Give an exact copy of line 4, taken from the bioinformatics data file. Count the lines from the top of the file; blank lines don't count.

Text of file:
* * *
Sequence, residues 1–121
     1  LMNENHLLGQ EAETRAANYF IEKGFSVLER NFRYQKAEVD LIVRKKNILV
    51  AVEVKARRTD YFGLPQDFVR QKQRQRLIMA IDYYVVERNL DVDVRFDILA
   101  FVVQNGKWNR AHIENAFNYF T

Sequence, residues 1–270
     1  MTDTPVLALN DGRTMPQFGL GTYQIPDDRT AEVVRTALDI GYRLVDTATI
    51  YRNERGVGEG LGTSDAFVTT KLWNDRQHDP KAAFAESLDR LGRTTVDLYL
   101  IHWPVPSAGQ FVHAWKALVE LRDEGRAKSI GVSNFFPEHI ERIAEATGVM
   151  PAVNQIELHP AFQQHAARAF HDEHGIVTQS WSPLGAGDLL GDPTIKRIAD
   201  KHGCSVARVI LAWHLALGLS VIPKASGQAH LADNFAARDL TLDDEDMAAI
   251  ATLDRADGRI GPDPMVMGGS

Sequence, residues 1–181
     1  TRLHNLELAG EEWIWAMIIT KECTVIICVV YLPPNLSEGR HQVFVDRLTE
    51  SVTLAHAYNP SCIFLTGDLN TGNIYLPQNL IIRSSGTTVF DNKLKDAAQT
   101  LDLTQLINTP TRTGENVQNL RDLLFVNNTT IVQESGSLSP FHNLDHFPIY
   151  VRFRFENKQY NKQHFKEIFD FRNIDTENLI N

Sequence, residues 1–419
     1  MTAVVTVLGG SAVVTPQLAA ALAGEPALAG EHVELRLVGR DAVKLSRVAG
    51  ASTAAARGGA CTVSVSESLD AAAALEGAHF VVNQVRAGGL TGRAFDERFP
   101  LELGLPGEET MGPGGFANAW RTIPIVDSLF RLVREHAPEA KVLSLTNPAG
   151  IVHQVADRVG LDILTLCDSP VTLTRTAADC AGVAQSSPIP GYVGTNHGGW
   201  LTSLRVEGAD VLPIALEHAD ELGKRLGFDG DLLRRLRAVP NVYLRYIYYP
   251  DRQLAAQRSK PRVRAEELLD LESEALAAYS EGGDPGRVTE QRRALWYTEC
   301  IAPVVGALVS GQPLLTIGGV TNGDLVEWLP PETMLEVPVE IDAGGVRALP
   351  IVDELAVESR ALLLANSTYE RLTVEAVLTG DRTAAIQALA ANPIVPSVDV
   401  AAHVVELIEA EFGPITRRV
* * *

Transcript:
   101  FVVQNGKWNR AHIENAFNYF T